In today’s world when we are unwell our first thought is to reach for the nearest medication we can our hands on, looking for that quick fix. The same is often true for our mental well-being, though sadly if we do not begin to change within ourselves the quick fixes are often short-term fixes. It is necessary for us to look at what changes we can make ourselves to improve our lives.
I don’t want to rave on that you should do this and do that as I certainly don’t have the answers, but I would like to share some experiences and thoughts about how photography can assist in developing or maintaining a sense of mental well-being.
A number of years ago I had the pleasure of attending a breakfast meeting at which the keynote speaker was Wayne Bennett, a man widely regarded as one of the best NRL coaches in the game. While Bennett shared a couple of humorous stories about his experiences as an NRL coach, he spoke about life experiences and dealing with its’ challenges. While a number of comments rang true, the main key takeaway that resonated with me was when he said that you needed just one thing to maintain a healthy work-life balance and this one thing is something you should try to make time to do everyday, or as regularly as possible. Of course the catch is that the one thing is different for everyone; for Wayne Bennett his one thing was running, for me it’s photography.
In society at present, particularly in light of the Covid crisis, many people are experiencing signs of stress, depression and anxiety and research has shown that involvement in the arts can assist in the easing of these symptoms.
Photography can be a solo pursuit, done with a friend or a small group, but in each of these scenarios there is the opportunity to be at one with the environment you are shooting. You can lose yourself in what you are photographing; as you formulate the vision for your image you essentially become immersed in that scene as you focus all your attention on your photography.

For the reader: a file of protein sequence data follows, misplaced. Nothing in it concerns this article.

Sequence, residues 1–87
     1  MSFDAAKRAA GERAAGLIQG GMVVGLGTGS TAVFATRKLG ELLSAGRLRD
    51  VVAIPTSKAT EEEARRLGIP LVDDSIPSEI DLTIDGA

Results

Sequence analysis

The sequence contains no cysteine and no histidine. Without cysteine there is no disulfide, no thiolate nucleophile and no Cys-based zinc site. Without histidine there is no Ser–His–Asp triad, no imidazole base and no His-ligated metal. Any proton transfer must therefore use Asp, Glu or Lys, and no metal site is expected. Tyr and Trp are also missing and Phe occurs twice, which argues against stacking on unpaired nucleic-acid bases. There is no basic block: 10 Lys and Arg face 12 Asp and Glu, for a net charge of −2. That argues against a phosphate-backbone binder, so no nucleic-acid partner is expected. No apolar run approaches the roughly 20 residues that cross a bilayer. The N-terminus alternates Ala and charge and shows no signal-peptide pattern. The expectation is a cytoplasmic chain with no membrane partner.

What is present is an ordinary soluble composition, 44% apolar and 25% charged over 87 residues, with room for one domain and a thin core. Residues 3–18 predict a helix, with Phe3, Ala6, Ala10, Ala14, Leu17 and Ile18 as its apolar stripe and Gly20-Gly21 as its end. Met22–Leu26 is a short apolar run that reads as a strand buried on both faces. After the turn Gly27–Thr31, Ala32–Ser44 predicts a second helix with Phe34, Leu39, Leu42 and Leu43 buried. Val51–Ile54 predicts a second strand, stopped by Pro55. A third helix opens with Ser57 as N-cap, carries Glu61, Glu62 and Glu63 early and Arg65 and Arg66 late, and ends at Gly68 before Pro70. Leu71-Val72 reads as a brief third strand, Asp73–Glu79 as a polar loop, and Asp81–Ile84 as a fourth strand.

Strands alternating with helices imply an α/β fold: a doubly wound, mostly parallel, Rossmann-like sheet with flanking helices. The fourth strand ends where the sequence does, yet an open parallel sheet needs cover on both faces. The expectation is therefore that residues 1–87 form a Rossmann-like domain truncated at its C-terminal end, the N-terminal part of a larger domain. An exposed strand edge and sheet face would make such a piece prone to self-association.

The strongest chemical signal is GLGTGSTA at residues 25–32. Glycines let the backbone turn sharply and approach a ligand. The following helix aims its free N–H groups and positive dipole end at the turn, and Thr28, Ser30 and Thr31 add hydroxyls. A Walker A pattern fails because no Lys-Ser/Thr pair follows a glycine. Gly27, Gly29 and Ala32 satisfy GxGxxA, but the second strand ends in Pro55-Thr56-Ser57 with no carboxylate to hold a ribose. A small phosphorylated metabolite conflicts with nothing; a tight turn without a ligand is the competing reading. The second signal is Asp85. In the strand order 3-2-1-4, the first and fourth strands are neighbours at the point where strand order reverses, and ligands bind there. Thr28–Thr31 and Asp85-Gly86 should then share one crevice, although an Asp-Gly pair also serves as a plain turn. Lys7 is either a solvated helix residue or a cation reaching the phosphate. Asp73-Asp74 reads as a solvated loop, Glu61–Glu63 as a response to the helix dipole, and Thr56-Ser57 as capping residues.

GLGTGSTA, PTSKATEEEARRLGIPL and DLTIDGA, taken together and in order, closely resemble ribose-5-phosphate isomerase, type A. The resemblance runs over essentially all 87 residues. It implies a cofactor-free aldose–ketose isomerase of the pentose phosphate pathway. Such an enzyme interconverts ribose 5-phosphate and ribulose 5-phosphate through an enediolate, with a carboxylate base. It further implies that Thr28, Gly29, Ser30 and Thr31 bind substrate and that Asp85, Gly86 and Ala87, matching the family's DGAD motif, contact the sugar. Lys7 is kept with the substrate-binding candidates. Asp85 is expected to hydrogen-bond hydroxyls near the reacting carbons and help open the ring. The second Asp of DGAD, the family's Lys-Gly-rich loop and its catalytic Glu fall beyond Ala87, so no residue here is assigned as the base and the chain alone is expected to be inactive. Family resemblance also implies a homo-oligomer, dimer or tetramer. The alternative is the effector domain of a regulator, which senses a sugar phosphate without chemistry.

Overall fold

Similarly, the creativity applied to the creation of your images can help move from that headspace of worry and anxiety into a move peaceful and relaxed state. The patience that landscape photographers take in the creation of their images, waiting for the right light, the fall of the shadows, the rise or fall of the sun; these are all messages to your brain to wait, slow down and work in stark contradiction to the messages of anxiety and chaos.
While it may sound a little cliched to some people, but being out in nature photographing the ocean, a waterfall, sunrise or sunset and the like, helps me to reframe my thinking. It reminds me that I’m only a small piece of a, much larger, master puzzle and that maybe the issues I’m currently stressing about may not be as huge as I first thought. Maybe they are manageable.
A further suggestion I would make is that you consider your subject choice. Attempt to shoot subjects or landscapes that you find calming, appealing and again this is something that will be different for everyone. Some may wait to capture the setting sun, others a bird in flight, while others again may prefer the feel of a long exposure. The important thing is to shoot and do it for you.
The final piece of the puzzle in terms of your photography assisting your mental well-being is time. Take the time, preferably daily, to immerse yourself in your photography. This style of photography is all about you, you are shooting for you alone. Taking the time can help you step away from the stresses of life, losing yourself in that space of creativity and peacefulness. A regular recharge of your batteries makes you better equipped to handle those stressful time that arise and hopefully prevent the slide into depression.
In summation, the key ingredients that will allow photography to assist in the management of your mental well-being are:
- Focus all your attention;
- Express your creativity;
- Patience in the pursuit;
- Reframe your thinking;
- Subject choice;
- Take the time regularly.
Importantly, if you are feeling that you have more stress than you can handle or that the world seems to be closing in on you - talk to someone; a family member, a trusted friend, a medical professional.